I just returned from Hawaii yesterday. I attended an update on vacation clubs and, yes, they are planning a property on the Big Island. However, it will be a conversion of their existing hotel property in Waikoloa. The property is nice, but not exceptional. I believe this is scheduled for completion in around 2 years. Since the rooms there are rather small, it will be interesting to see how they design the conversion.
Just to follow up - in February they confirmed that the Waikoloa Beach Resort will be the site for the Vacation Club. It will be similar to the Ocean Club in Maui where they convert existing rooms with Kitchenettes to Vacation Club Rooms with the plan to expand like they did with Molokai & Lanai Towers.
In San Diego, MVC bought the Declan Suites Hotel. I expect them to gut the original rooms and put in the normal full kitchen suites.
The San Diego Marriott Vacation Club property is currently called Declan Suites San Diego. It shares a downtown city block with the Joan and Irwin Jacobs Music Center (including the 2,231-seat Copley Symphony Hall), and the Symphony Towers office building (34-stories totaling 521,281 square feet). The hotel sits on top of a fortress-like parking structure with 650 spaces.
It remains to be seen how extensively Marriott Vacations Worldwide (VAC) transforms the hotel. Because it's part of an intensely developed city block, it cannot become a resort on spacious landscaped grounds with extensive outdoor areas.
Declan Suites currently has a relatively small heated indoor pool with skylights, and it seems very unlikely that a bigger pool is possible. You can find a photo of the pool and and other features of the hotel here:http://www.declansuitessandiego.com/photo-tour
Declan Suites boasts "over 6,000 square-feet of flexible San Diego Meeting Space with large pre-function space" on its 12th floor. Presumably, that space can be put to different use for Vacation Club guests.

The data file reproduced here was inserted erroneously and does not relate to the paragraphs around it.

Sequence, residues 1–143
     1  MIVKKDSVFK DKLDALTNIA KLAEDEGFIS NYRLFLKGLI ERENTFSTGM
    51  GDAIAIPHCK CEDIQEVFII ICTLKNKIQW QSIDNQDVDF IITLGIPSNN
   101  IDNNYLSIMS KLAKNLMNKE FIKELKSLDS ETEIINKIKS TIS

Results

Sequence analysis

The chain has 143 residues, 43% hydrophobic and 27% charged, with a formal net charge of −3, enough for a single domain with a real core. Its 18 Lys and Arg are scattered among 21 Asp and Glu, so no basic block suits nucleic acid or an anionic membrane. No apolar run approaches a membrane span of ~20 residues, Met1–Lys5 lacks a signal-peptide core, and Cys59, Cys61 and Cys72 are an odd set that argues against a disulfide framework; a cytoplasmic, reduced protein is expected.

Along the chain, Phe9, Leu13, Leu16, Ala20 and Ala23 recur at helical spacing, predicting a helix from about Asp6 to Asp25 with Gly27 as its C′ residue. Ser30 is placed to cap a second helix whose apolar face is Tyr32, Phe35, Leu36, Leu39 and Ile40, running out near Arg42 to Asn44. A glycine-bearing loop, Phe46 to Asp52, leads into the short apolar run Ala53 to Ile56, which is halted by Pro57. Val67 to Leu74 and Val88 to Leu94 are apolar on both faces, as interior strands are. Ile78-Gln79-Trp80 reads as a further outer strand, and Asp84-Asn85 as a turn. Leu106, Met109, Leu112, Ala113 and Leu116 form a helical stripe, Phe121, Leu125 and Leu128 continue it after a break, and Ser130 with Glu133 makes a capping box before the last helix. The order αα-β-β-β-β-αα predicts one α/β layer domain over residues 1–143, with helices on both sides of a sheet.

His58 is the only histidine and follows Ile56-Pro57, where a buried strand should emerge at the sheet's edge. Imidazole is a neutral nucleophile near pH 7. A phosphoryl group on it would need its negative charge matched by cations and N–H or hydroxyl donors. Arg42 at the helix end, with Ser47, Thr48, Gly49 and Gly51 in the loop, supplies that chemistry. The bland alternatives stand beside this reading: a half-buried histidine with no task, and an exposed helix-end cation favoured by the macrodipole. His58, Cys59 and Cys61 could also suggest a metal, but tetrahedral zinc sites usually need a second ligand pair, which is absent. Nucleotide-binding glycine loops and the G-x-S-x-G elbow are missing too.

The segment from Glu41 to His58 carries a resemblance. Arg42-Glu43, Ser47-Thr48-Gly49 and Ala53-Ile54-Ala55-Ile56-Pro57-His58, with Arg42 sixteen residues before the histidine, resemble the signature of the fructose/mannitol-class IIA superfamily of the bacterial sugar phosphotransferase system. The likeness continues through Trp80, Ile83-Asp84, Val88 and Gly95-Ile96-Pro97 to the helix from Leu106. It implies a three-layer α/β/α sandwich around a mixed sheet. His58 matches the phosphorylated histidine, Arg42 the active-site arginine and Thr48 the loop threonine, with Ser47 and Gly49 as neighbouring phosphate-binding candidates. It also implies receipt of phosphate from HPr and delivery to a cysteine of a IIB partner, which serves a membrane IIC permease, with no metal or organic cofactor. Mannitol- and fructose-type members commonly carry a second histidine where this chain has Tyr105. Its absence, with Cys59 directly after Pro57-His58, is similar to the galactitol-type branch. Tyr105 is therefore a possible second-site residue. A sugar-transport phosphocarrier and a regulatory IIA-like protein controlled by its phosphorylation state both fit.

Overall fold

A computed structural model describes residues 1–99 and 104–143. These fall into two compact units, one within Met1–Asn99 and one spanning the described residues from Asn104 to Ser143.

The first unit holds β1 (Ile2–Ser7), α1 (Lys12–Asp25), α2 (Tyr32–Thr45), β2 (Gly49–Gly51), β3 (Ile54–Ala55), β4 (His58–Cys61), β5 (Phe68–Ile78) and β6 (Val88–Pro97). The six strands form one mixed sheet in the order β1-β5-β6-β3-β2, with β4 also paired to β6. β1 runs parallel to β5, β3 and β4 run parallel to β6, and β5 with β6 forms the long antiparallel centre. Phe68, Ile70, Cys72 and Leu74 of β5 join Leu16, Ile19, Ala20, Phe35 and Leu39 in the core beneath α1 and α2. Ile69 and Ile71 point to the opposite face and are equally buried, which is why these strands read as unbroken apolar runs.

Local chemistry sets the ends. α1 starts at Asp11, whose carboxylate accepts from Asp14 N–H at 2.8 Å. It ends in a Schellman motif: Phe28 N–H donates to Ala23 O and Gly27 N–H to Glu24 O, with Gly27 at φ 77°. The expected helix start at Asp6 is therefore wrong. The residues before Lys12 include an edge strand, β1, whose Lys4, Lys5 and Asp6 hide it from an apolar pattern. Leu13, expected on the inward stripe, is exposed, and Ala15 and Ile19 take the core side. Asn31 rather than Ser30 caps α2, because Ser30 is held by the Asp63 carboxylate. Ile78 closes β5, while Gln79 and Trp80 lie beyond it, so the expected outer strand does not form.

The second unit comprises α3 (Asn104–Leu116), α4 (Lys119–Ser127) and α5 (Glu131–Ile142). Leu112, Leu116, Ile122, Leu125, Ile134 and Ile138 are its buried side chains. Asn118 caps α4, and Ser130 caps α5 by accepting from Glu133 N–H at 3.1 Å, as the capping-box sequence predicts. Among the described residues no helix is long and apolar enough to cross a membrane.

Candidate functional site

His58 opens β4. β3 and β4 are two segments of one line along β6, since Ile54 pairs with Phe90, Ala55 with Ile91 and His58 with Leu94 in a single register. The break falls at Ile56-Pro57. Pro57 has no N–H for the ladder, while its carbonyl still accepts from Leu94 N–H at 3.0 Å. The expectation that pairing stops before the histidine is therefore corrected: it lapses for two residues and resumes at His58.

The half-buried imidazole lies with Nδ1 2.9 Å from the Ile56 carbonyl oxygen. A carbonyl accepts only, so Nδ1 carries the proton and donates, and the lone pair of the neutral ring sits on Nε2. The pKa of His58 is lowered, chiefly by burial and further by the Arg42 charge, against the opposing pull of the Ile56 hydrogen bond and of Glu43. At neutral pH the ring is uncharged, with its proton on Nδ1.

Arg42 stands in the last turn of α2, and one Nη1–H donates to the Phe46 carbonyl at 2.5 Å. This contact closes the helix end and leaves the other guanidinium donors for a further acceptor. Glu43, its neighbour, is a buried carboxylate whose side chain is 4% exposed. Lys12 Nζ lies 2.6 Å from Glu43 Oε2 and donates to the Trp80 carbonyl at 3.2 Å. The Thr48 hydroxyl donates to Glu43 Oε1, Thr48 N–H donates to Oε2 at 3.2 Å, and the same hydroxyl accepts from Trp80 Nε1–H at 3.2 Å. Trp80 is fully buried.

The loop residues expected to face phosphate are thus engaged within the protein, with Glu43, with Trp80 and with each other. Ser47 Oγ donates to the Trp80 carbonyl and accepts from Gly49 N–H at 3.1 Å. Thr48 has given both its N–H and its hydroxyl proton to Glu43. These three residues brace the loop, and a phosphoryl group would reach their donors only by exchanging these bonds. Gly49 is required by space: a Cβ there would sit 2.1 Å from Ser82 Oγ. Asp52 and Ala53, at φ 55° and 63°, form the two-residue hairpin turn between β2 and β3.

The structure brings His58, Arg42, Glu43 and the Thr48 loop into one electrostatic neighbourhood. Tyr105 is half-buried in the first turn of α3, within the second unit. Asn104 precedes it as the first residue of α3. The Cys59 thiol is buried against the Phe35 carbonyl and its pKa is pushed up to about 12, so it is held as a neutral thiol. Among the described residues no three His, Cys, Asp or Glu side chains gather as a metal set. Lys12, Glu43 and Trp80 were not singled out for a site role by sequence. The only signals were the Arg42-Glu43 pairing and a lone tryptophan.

Perhaps there's an opportunity to add an outdoor deck on the roof between the two towers or to peel back part of that roof. Given San Diego's wonderful year-round climate, it would be a shame if that does not happen.
The rooms are all 425-sq.ft. 2-room suites. Currently, they're really just traditional hotel rooms with a wall dividing the bed area from the sofa area. There are no balconies. These "villas" will be smaller than purpose-built Marriott Vacation Club villas, but I hope that VAC will skillfully squeeze in a mini-kitchen and more "home away from home" features.
By the way, VAC's acquisition of the hotel is complete. According to Marriott Vacations Worldwide Reports First Quarter 2015 Financial Results (April 30, 2015):
The company completed its acquisition of an operating hotel located in San Diego, California, for approximately $55 million. The company plans to begin converting the hotel to vacation ownership inventory later this year.
This is disappointing news in my opinion. Being a Hawaii resident, I've watched as more and more hotels are converted into timeshares. While many news outlets say this is a great thing and is giving Hawaii record visitor rates, what they fail to mention are the detrimental effects timeshares have on our economy.
Timeshares require less staff due to the less frequent room cleaning intervals, less need for food service, etc. means as we lose more hotels to timeshare or even condo conversions, we lose more jobs. But there's negative effects for visitors too. Those that don't own a timeshare see tighter room inventories. Tighter inventories means higher room rates, which is readily apparent today's rates.
The Waikoloa Beach Marriott being the only full service Marriott on the Big Island and one of the more reasonably priced options in its class on the island, the news is particularly disturbing to me and one that I hope will not come true.
Not sure if this will shed any light onto the situation, but, the property recently renegotiated its contracts with Local 5:
And was recently acquired by a new owner Waikoloa Beach Marriott bought by Silverwest | Hawaii 24/7